So many of the businesses we talk to at Open Assembly express how slow-moving corporate structures, inadequate access to talent, and outdated mindsets can be big barriers to progress. There’s just no way around it: Open models are a great solution but sometimes it’s hard to get company members onboard. Here are answers to three of the most common questions to help understand the benefits.
Why adopt an open talent strategy?
Businesses with more fixed structures, such as traditional retail, are suffering while those that have embraced adaptability and flexibility are gaining. Businesses poised to gain in the next decade are becoming increasingly permeable, interconnected, collaborative. They change quickly in shape and size. In the emerging open and flexible models, work is distilled into specialized tasks that can be executed through many work channels that include in-house (traditional employees) and freelance or contract workforces.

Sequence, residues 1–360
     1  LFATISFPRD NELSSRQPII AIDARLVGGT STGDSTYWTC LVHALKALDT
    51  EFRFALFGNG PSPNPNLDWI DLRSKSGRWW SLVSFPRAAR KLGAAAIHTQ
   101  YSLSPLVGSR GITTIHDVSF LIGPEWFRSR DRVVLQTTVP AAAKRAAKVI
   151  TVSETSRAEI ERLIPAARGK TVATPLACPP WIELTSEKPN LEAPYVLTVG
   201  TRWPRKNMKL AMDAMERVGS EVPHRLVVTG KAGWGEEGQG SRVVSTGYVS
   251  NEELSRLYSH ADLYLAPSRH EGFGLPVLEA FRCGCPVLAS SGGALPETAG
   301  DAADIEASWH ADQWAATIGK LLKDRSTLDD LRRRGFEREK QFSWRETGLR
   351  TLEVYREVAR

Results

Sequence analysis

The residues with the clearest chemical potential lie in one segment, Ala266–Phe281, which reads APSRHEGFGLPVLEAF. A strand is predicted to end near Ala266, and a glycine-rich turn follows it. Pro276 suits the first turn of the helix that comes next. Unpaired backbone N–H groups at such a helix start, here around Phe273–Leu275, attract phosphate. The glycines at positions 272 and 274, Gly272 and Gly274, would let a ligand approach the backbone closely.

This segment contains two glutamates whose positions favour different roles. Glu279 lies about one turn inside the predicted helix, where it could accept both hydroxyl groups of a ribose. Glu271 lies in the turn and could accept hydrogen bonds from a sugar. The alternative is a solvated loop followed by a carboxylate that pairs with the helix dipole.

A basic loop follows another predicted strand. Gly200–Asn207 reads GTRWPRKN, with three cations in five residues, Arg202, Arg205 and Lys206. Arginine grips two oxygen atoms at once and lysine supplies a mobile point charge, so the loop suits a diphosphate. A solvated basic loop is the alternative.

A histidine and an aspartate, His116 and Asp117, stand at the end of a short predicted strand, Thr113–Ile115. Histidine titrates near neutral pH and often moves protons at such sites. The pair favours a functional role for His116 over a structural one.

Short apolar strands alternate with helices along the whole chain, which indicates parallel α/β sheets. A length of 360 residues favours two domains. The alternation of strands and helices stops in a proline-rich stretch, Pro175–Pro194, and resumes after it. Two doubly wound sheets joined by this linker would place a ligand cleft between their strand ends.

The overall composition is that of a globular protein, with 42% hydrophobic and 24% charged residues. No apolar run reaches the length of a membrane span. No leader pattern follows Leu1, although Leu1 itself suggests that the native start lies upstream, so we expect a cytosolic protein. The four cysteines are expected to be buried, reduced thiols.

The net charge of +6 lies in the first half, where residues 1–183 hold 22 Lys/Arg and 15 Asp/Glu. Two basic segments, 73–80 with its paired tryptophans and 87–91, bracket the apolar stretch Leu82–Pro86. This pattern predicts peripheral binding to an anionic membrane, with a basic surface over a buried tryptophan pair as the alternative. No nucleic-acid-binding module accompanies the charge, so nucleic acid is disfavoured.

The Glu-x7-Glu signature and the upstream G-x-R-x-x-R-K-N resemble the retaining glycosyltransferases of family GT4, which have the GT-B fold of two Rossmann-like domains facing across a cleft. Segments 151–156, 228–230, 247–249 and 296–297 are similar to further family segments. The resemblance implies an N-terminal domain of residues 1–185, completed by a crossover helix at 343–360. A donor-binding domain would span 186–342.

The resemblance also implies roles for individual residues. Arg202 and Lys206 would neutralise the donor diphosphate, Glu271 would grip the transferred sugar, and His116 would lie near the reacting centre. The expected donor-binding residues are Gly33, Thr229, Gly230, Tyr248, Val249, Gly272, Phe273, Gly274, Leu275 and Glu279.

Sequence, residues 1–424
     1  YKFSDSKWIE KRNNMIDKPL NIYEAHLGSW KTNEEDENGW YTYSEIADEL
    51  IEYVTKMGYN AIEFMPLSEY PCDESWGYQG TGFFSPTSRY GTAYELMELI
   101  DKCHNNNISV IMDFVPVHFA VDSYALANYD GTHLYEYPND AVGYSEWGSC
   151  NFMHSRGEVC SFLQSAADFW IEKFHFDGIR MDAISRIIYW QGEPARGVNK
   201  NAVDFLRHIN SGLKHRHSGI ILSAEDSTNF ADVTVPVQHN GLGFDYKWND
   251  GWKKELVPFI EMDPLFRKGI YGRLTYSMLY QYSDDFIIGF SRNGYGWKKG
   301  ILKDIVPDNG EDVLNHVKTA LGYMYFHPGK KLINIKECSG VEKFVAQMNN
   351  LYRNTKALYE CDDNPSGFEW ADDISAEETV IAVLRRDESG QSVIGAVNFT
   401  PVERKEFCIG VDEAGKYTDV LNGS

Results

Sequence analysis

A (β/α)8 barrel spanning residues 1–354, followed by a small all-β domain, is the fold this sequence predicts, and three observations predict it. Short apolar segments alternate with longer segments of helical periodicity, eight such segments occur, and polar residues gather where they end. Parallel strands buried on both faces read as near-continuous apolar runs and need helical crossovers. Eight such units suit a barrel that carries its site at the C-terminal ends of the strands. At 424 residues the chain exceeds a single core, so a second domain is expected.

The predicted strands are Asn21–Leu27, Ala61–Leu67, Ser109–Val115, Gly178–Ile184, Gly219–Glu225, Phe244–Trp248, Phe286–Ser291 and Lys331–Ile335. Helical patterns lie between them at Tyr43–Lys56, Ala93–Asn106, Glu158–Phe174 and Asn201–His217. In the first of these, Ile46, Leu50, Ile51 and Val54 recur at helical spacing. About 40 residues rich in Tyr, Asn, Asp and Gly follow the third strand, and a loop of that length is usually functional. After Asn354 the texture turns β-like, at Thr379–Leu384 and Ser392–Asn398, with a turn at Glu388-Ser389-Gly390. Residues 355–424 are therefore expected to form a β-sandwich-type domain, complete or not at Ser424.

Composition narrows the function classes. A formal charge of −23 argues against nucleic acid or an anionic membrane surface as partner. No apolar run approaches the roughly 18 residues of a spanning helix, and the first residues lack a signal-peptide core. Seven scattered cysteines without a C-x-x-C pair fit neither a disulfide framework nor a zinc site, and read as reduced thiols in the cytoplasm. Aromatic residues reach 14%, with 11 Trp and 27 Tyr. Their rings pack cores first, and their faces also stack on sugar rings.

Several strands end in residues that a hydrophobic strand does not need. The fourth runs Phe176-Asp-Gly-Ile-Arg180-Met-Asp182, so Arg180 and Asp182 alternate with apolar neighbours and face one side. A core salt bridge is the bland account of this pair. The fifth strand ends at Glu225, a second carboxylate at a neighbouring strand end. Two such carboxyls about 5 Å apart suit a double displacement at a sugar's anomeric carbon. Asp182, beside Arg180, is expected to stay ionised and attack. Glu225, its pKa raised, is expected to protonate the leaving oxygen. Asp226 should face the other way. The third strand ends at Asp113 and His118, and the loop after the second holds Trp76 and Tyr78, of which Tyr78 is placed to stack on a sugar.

How can HR help?
We see that as pressure to adapt and innovate increases HR leaders are working more closely with CEOs to ensure that their talent strategy aligns with future needs of company. HR is undergoing a profound philosophical shift, moving toward relational (networked) talent strategies and away from more limited and transactional models of the past. HR is beginning to view talent differently—as networked and open talent ecosystems rather than self-contained talent pools that operate within the business’s boundaries.
Can open models be used to develop in-house talent?
Yes. Many businesses are still structured with clear hierarchies and siloed business functions—a model in which workers are expected to start at entry level, slowly acquiring skills and expertise and advancing into new roles over many years. Open talent models offer a radical departure to the slow pace of worker development. Integrating freelance or contract workers, utilizing talent communities and platforms, and encouraging internal open innovation and problem-solving through cross-departmental collaboration or organization-wide “crowdsourcing” contests or challenges can all create momentum for organizations.